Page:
Follow these simple steps for your semi-permanent creation:

 

First –

Step 1: Walk some distance into a natural area, stop at a place you feel comfortable in.

Step 2: Gather material that is straight in nature.

Step 3: Place the material into a cylindrical to semi-spherical shape, finished scale is up to you.

Step 4: Intertwine, wind, and connect the material until it is stable in its final shape, adding material as needed. (don’t forget it’s winter, ice and snow can be a great material to use)

Step 5: Place yourself inside your structure, en-joy.

Next-

Have a photo made of you in your Winter Earthly Instructable and post to Instagram no later than midnight February 16 with the following hashtag #earthlyinstructable

 AND THE  WINNER IS !

A winner will be selected from the top three submissions based on likes and comments submitted by midnight February 16. The winner will receive the inspiring book My People’s Dreaming: An Aboriginal Elder Speaks on Life, Land, Spirit and Forgiveness, Written by Max Dulumunmun Harrison and Peter McConchie, provided by Artemis Institute.

The winner will be announced through Instagram, and also on : iamacollection.com, loriryker.com, and on Facebook as Artemis Institute.


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From drawing to earth

A few months ago I posted sketches for the new studio I am building next to my house. Today the work began. After a light snow the great whiteness was removed to expose the ground of winter.

Earth is dug out, boulders as big as a car hood are discovered. All earth is set to one side, while the snow pile is set to the other.

The process is all part of a larger practice. Practice of architecture, and imagining the future. A practice in faith that imbedding this idea for living with the land is a sound decision in this particular place.

Let the adventure begin !

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Winter Wolf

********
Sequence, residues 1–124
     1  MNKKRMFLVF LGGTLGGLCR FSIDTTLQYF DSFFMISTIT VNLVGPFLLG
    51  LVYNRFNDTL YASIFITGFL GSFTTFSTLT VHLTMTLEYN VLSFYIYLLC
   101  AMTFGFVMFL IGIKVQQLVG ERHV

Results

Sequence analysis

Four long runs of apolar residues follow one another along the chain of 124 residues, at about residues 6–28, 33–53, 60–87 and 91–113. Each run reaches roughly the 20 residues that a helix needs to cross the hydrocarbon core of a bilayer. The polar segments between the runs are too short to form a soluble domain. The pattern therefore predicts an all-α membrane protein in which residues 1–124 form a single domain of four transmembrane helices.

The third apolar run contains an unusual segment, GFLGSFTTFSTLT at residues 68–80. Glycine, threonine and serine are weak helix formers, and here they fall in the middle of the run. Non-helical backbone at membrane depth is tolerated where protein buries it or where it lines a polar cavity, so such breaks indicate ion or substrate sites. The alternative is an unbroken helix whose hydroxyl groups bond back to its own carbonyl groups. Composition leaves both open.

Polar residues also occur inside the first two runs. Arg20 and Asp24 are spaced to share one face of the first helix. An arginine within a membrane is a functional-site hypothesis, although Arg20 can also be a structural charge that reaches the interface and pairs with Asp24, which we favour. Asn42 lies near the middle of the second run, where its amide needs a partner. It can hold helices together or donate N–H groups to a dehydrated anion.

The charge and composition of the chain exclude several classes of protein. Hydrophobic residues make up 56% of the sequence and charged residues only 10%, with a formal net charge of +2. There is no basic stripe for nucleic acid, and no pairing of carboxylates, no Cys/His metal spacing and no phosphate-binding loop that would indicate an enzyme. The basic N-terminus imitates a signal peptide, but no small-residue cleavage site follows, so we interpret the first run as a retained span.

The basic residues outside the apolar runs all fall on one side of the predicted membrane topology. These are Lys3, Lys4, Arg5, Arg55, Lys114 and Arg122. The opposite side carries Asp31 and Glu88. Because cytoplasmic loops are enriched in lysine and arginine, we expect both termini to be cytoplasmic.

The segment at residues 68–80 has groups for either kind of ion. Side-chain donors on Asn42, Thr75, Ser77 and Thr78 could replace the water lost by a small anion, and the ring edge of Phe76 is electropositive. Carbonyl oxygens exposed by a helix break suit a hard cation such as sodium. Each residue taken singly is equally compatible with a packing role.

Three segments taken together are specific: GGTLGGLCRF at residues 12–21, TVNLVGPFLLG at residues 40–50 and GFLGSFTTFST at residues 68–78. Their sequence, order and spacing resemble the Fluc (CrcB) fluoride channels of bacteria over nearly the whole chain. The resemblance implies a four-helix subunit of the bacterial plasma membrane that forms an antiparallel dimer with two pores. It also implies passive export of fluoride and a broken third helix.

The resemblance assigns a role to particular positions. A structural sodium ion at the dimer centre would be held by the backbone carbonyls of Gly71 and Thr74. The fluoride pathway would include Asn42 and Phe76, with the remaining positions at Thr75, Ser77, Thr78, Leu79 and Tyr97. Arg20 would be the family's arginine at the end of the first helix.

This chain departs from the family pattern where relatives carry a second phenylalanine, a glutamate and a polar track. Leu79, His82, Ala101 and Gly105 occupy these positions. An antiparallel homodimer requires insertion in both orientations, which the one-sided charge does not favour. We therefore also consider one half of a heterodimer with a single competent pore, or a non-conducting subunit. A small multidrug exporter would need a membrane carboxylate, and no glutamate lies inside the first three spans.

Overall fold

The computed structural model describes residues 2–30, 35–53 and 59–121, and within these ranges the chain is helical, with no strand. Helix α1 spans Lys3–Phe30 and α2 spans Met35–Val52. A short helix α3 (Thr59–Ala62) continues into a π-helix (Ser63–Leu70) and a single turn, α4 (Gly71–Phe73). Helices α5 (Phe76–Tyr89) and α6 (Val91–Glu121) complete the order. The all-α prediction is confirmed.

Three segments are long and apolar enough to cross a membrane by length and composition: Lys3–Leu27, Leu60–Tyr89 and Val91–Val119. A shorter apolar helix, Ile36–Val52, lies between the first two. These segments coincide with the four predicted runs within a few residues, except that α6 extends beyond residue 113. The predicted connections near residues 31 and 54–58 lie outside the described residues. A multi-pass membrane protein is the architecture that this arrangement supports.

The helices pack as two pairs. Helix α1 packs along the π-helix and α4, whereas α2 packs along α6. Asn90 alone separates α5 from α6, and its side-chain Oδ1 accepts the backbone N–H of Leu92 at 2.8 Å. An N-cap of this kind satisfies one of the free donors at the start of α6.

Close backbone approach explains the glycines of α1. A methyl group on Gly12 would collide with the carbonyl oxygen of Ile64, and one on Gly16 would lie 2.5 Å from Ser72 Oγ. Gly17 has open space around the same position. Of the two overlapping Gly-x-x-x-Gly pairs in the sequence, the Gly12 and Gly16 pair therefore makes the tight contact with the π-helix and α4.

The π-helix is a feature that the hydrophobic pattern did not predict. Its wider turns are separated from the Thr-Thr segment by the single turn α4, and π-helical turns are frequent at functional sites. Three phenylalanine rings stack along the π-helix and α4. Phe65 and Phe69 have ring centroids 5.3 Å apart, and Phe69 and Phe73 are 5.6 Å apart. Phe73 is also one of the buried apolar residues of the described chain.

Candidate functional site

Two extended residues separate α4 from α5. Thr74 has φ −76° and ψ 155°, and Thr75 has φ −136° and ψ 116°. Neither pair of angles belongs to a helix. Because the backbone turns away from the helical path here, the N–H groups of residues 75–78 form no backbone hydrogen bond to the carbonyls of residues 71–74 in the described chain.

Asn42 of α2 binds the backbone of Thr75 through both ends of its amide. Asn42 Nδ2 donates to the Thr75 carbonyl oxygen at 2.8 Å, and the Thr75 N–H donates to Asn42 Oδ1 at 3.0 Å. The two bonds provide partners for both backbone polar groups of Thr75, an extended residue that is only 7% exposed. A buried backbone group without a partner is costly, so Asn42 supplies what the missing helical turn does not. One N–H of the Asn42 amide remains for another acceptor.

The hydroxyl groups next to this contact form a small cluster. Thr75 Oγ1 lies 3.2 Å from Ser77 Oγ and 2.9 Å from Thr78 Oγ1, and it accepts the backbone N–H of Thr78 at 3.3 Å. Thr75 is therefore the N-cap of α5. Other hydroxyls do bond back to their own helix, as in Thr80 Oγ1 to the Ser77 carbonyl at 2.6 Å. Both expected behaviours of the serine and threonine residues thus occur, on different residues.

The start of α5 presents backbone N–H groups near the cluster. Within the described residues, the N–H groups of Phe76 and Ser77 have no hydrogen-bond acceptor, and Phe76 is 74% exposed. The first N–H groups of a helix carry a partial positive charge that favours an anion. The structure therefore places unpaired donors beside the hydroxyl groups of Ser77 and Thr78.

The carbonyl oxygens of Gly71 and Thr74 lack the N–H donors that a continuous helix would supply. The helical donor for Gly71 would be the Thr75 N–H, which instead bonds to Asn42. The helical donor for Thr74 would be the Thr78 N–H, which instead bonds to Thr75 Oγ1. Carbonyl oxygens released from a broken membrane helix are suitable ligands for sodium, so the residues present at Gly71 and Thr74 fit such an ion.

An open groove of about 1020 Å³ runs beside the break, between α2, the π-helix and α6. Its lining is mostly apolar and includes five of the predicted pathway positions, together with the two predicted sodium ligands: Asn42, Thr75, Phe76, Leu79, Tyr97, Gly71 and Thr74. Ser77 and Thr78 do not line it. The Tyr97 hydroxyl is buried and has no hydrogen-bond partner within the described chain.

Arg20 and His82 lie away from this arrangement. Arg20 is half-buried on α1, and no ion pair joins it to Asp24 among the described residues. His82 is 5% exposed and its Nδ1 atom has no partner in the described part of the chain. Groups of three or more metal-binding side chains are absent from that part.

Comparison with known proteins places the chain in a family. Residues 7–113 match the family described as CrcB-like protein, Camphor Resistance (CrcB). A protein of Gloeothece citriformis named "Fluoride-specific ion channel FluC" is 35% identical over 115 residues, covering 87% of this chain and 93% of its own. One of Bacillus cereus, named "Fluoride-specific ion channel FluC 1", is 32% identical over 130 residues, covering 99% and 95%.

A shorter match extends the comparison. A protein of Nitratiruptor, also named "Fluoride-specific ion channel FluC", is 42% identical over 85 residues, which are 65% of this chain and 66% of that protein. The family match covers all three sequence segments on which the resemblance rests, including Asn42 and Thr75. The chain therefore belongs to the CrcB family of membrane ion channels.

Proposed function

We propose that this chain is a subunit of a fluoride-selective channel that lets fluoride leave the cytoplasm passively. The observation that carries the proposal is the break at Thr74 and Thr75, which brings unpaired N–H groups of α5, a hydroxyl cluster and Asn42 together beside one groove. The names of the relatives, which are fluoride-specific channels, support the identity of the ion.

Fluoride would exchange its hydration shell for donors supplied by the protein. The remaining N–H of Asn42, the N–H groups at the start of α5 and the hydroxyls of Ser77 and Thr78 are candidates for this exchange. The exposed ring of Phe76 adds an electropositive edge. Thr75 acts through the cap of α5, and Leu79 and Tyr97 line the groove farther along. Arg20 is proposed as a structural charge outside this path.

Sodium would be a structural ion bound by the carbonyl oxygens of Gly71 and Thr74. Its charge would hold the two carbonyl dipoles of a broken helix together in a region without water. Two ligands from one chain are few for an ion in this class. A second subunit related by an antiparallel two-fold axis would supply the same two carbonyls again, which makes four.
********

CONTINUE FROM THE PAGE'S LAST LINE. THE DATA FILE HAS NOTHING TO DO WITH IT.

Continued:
winterwolf

 

 

Years Ago, when I was still new to Montana and the Yellowstone Eco-system I had the opportunity to hear the wolves howl above us in the mountains while working on a Remote Studio project miles from a paved road. The experience was heartening, beautiful, and musical magic. Reintroduced to Yellowstone National Park in 1995, the wolves have grown into families who expand across the Mountain West. They are a part of the West, this place is their home. They are the wildness that makes place for us and reminds us that we are a part of a larger community that we cannot always control, but simply honor. The wolves, like the bear and mountain lion are the creatures that bring alertness to our experiences in the wilderness. They are critical to the health of the eco-system, and bring magic and mystery to us everyday. This year I hope for peace and greater respect for all those that we do not quite understand, who challenge us, and may bring a bit of humility into our lives. Without them the World would be less beautiful.

 

“Winter Wolf” is the third piece in the Bear Canyon Series.


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Art for the Universe

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If you are driving between Island Park, ID and Ennis, MT keep a look out for art. This weekend I was in Jackson Hole to sketch . I made one small pastel on the trip.

The drive into Ennis was blustery and the landscape moody. I rolled down the passenger window to take a picture while driving (shhhh…) and that’s when I lost it. That pastel drawing was sucked right out the window !

A gift back to the landscape, I guess.

All that’s left of it is this one quick photo taken with my phone .

Honor the Universe.